How do you know when you've reached your full potential?

Last year, even though I ran quite a lot of miles, I wasn't really running competitively, however, this year, I've surprised myself and have won a lot of local races (yay) I lost a few lbs along the way but I'm whether it's because I was racing more or the weight lost that helped get my times down, combination of both maybe? Aaaanyway, these are only local races in which I'm winning, but would really like to improve my times even more, just wondering if I've reached my full potential now and that's my limit, how can you tell, I'm 23 if that's any thing to go by.
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Comments

  • MillsyMillsy ✭✭✭
    Jo Pavey was still hitting PBs last year and she is nearly 40 (I think)

    Lots of distance runners don't peak until they are in their 30's
  • I guess it would help if you would tell us the distances and the times...

  • Ok, for a hard XC course I've done recently, I came in at 38.02 1st female first male was 32.67 and he's fast image 

  • was that half a mile or ten?image

  • Can you ever really tell?

    Clearly some people have the potential to become Olympic Champions and some don't.

    Pretty much everything else in between depends on so many variables: how much natural talent you have, your natural biomechanics and inherited genes, how dedicated you are, how often you run, what age you were when you started, how old you are now, how many injuries you've suffered, which ones and how serious.

     

     

  • Oh bladdy 'ell! Opps.

    It was 5.3 HARD miles image did I metion, HARD, hilly HARD miles image

  • Yes, you've reached your potential. It's all downhill from here - I wouldn't bother any more. Second will be nowhere after this.

  • Hey rebecca,

    what other races have you won?? That was only one race so can't really comment on your potential.

    still a fairly good time obviously. image

  • RicFRicF ✭✭✭

    Its possible to improve for around ten years. 

     

  • Stevie  GStevie G ✭✭✭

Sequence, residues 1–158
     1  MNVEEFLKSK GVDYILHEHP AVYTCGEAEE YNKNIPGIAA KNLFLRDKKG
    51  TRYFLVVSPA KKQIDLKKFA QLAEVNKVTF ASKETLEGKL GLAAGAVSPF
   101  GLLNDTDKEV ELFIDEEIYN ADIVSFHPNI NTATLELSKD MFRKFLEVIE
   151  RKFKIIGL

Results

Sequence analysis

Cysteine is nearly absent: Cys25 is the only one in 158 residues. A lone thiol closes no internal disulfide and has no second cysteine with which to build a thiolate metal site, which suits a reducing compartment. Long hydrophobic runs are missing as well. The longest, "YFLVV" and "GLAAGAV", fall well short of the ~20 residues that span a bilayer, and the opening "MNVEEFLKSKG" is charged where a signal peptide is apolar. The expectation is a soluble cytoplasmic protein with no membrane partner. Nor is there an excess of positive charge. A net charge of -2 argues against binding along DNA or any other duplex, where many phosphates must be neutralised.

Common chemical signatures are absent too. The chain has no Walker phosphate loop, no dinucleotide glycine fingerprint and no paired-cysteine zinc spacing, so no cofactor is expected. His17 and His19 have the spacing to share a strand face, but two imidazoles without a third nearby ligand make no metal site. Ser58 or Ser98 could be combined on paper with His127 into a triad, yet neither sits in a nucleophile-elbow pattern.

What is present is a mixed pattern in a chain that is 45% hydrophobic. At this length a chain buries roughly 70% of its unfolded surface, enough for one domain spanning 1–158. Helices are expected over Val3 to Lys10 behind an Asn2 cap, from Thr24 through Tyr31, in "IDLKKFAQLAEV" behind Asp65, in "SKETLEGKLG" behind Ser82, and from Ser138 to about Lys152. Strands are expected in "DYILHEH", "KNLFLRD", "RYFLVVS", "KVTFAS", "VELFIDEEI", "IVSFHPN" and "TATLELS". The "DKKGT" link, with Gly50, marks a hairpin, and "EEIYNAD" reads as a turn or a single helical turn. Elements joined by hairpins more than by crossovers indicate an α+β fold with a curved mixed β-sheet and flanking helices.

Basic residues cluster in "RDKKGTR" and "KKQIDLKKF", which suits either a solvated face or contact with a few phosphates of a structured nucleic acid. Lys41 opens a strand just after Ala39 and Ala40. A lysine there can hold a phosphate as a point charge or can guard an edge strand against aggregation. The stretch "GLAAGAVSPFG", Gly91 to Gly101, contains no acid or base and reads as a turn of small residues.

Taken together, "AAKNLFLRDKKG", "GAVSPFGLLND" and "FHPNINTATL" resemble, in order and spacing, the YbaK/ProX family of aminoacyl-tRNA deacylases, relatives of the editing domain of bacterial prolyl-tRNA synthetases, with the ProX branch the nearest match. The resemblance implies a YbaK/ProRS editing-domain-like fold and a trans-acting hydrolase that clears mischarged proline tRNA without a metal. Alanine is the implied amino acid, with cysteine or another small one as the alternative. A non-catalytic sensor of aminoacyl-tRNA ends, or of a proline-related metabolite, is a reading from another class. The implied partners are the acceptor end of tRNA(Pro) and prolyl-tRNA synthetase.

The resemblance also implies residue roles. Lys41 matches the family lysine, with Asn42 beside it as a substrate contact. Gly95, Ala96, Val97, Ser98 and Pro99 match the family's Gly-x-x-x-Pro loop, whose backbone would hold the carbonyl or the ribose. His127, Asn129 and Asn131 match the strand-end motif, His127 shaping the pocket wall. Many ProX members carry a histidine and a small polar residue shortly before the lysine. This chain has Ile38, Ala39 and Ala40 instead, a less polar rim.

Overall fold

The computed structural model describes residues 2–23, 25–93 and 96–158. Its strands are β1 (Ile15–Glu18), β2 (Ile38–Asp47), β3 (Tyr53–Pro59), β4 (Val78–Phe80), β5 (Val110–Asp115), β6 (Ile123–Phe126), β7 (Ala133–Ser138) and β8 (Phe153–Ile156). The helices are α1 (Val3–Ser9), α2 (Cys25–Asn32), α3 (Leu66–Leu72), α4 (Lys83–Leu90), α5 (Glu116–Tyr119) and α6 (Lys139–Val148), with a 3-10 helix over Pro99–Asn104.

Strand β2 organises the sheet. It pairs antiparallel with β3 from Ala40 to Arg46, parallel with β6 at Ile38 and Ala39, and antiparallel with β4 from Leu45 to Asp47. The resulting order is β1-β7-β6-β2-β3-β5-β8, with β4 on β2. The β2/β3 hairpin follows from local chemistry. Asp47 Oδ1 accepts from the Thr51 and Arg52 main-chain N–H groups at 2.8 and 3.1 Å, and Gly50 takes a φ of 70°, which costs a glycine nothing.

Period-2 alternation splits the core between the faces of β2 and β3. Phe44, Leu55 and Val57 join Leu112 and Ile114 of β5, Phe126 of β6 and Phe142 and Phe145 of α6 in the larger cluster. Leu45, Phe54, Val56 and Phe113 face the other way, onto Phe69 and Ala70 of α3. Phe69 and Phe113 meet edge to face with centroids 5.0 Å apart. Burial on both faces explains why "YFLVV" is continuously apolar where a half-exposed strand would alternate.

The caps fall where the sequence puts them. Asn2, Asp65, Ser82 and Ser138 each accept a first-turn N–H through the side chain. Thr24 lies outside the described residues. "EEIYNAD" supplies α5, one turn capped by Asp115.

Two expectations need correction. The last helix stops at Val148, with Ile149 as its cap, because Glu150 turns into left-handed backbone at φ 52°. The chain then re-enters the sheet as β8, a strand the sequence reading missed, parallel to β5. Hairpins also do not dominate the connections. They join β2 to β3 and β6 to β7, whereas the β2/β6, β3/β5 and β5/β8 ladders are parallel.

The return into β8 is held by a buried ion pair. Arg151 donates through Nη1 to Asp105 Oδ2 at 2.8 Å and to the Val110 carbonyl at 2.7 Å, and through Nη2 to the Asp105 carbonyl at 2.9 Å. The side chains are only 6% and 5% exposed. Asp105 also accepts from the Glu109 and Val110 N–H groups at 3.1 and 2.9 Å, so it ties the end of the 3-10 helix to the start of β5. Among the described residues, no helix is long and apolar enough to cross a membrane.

Rebecca, why would you think you're at your peak a couple of years in?

    Train consistently, and with a good mileage for years and years and you won't even remember these days. And you'll be able to pick much better standard races to compete in.

    What are your road times currently?

  • I think. and no disrespect to anyone here. But you should be asking an expert like a running coach what they think. We don't know you, we haven't seen your running form. We haven't seen your split times for the race or anything.

    There is always room for improvement. You just have to be prepared to put the hard work in. Sometimes you need someone else to give you that push 

    Remember that a lot of people put fast times on here and funnily enough a lot of them can't prove that they have done that time. So people are very skeptical and dissaproving when people ask "is this time quick?" or " can I get any better?"

  • Stevie  GStevie G ✭✭✭

    Kelv, do you need to be an expert to tell a 23 year old with a couple of years of what probably isn't highly structured high mileage that she can  improve? image

    Also, you've presumed none of us have even a  jot of coaching experience image 

  • JoolskaJoolska ✭✭✭

    I've won local races and I'm definitely not a good runner.  It's the classic big fish in a small pond thing (parkruns spring to mind!).  Personally, I'd rather finish 100th in a pb than 1st in a poor time.  Mind you, I've been running for 12 years and have definitely not fulfilled whatever potential I do have, as I'm still setting PBs now, quite possibly because I finally managed to string together a winter of base training without getting injured...  

    OP: if you haven't done any road races, see how the girls who finish close to you are doing on the road, and see where that puts them in the national rankings (try www.thepowerof10.info for a bit of cyber-stalking).

  • or you can completely dissapoint yourself like i did and go to www.runbritain.co.uk lol. Cracking website. 

    I realised how slow my time was at a 5 mile race. But then realised how fast the winners time was and that he had run the 10th fastest time in the uk this year. So the field was very competitive. Didn't quite excuse my 88th place

  • I read that actual age doesn't make much difference, it's more to do with running age in years.  The article I read said its a combination of around 10 years / 10000 hours/ number of races.  So with club coaching and guidance Running Rebecca could have a lot of potential.  Also depends of your goals, perhaps try a few road races and see how they go.  Kelvin, don't be hard on yourself, even Mo Farahs reckons we can improve!image

  • How can you tell what your potential is?  Just keep striving to better yourself.

  • RicFRicF ✭✭✭

    I like to think that after 25 years of interest in this running lark, I know slightly more about the subject than most.

    The subject of potential is a classic minefield where the variables involved in realising that potential are so wide ranging as to render the question of 'how good can I be' almost irrelevant.